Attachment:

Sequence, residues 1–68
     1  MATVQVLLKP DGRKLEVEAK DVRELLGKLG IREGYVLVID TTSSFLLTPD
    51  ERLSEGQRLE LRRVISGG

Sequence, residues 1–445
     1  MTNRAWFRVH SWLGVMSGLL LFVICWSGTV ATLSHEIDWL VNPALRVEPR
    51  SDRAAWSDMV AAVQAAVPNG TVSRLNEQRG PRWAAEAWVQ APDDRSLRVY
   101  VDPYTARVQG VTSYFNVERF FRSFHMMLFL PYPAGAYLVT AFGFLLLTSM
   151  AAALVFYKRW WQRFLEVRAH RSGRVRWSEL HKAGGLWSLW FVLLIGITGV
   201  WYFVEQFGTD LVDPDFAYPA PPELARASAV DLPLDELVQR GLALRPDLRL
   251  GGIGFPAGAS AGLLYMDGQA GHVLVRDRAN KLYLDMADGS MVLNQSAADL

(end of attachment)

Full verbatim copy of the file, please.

Sequence, residues 1–68
     1  MATVQVLLKP DGRKLEVEAK DVRELLGKLG IREGYVLVID TTSSFLLTPD
    51  ERLSEGQRLE LRRVISGG

Sequence, residues 1–445
     1  MTNRAWFRVH SWLGVMSGLL LFVICWSGTV ATLSHEIDWL VNPALRVEPR
    51  SDRAAWSDMV AAVQAAVPNG TVSRLNEQRG PRWAAEAWVQ APDDRSLRVY
   101  VDPYTARVQG VTSYFNVERF FRSFHMMLFL PYPAGAYLVT AFGFLLLTSM
   151  AAALVFYKRW WQRFLEVRAH RSGRVRWSEL HKAGGLWSLW FVLLIGITGV
   201  WYFVEQFGTD LVDPDFAYPA PPELARASAV DLPLDELVQR GLALRPDLRL
   251  GGIGFPAGAS AGLLYMDGQA GHVLVRDRAN KLYLDMADGS MVLNQSAADL